THURSDAY, Sept. 27 (HealthDay News) -- A diet rich in antioxidants -- especially from fruits and vegetables -- can reduce the risk of heart attack in women, researchers report.
The new study included more than 32,500 Swedish women, aged 49 to 83, who filled out a questionnaire about their eating habits. During 10 years of follow up, more than 1,100 of the women suffered a heart attack.
Women with the highest antioxidant levels had a 20 percent lower risk of heart attack. These women consumed almost seven servings per day of fruits and vegetables, which was nearly three times more than the 2.4 daily servings consumed by those with the lowest antioxidant levels.
The study is published in the October issue of The American Journal of Medicine.
"Our study was the first to look at the effect of all dietary antioxidants in relation to [heart attack]," lead investigator Alicja Wolk, of the nutritional epidemiology division at Karolinska Institute in Stockholm, Sweden, said in a journal news release.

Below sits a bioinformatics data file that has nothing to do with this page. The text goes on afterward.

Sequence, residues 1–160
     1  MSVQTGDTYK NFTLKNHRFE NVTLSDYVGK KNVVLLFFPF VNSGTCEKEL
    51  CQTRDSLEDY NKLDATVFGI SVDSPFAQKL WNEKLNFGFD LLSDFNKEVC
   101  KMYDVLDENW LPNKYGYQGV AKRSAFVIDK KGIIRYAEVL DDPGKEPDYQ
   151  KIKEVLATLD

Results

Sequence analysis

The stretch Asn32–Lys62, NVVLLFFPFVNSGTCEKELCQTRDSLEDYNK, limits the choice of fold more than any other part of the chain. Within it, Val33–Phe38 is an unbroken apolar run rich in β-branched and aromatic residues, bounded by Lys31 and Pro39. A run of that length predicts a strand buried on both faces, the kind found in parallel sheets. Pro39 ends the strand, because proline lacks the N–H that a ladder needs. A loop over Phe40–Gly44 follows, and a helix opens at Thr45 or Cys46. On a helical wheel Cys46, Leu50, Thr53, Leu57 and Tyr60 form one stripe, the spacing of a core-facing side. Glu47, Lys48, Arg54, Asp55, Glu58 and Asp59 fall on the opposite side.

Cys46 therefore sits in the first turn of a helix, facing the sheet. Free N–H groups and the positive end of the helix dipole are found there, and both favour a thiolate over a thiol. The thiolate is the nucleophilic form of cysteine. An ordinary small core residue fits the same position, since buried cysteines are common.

There are numerous types of weight-loss diets, but those that emphasize increased consumption of fruits and vegetables may be the most effective, journal managing editor Pamela Powers Hannley wrote in an accompanying commentary.
"Yet only 14 percent of American adults and 9.5 percent of adolescents eat five or more servings of fruits or vegetables a day," she noted.
Although the research found an association between increased consumption of antioxidants and a lowered risk of heart attack, it did not prove the existence of a cause-and-effect relationship.
The U.S. National Heart, Lung, and Blood Institute has more about women and heart disease.
SOURCE: The American Journal of Medicine, news release, Sept. 21, 2012
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